By wrapping the DNA into nucleosomes, the DNA becomes more compact and is protected from damage.  My samples usually consist of a single nucleosome, so that I can observe the physical interaction between the DNA and the proteins.

Our lab is broken up into two physical areas: the biochemistry lab and the physics lab.  I spend most of my days in the biochemistry lab making my DNA/protein samples.  Thankfully, I have helpers, millions of them actually.  We program E. Coli bacteria to make our DNA and proteins, so part of my job involves carefully growing E. Coli bacteria.  Sometimes this means that I have to come into the lab in the middle of the night to check on them.  I can’t be sure, but I think singing to them helps.


The biochemistry lab (left) and the physics lab (right).

E. Coli bacteria are typically associated with food poisoning from contaminated meat, but they are also found in your intestines and help you digest your food.  We use E. Coli because they reproduce very quickly (about once every 20 minutes), and we can easily program them to produce DNA and proteins that are usually found in other organisms like frogs and mice.  By using E. Coli, we don’t have to sacrifice frogs and mice for our science.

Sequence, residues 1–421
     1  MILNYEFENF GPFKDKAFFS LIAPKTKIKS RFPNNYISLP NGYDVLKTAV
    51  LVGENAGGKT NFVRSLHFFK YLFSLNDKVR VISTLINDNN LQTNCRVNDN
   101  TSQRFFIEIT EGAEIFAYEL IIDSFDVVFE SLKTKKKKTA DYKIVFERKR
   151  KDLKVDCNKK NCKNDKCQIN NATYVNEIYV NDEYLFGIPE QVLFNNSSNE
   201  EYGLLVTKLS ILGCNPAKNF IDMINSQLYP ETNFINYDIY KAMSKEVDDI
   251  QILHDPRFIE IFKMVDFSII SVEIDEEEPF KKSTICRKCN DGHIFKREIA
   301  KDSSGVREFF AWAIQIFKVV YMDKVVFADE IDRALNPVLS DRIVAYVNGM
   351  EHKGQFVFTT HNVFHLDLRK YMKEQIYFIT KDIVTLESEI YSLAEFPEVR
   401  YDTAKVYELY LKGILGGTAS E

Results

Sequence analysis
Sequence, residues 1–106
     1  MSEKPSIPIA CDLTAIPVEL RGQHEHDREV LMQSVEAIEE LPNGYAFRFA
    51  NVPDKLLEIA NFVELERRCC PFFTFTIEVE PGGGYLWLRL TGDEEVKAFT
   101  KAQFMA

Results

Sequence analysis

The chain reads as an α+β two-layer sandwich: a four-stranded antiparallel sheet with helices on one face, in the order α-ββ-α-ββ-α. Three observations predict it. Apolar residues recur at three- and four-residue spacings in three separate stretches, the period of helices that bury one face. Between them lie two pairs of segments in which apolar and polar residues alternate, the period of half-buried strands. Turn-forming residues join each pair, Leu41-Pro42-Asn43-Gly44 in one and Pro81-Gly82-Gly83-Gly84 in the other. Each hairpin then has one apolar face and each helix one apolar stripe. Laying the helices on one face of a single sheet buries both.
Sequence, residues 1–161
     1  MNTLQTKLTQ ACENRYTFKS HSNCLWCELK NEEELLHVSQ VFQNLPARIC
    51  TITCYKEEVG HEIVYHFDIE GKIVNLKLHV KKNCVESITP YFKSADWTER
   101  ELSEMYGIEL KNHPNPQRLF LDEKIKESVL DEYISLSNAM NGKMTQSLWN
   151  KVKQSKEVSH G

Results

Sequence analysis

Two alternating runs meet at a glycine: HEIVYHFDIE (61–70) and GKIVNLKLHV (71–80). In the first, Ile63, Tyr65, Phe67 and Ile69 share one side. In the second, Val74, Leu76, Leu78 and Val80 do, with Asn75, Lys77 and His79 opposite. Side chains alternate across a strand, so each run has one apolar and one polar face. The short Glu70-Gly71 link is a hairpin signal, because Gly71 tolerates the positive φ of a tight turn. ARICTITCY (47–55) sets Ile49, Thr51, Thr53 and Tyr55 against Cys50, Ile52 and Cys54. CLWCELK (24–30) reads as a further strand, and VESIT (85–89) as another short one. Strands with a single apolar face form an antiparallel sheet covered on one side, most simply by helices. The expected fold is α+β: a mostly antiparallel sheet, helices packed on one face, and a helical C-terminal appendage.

Agar plates growing E. Coli bacteria. These particular ones were used to produce DNA. These plates are about the size of the palm of your hand. The streaks you see are colonies of E. Coli bacteria growing. Each streak contains thousands of individual E. Coli bacteria.

So where does the physics come in?  Once I have my nucleosome sample, we use a microscope equipped with lasers to look at them.  The lasers are used to excite dyes on our samples, so that we can see them and observe dynamics of our DNA-protein structures.  I think the coolest part of this experiment is that because the dye molecules are so bright, we can see individual DNA molecules with proteins fluctuating on our slides.  The down side is that I end up spending hours in a dark room watching little blinking dots on a screen.  That is how research is though. Some days can be pretty boring, but other days, when your experiment is working, you are observing something no one has ever seen before.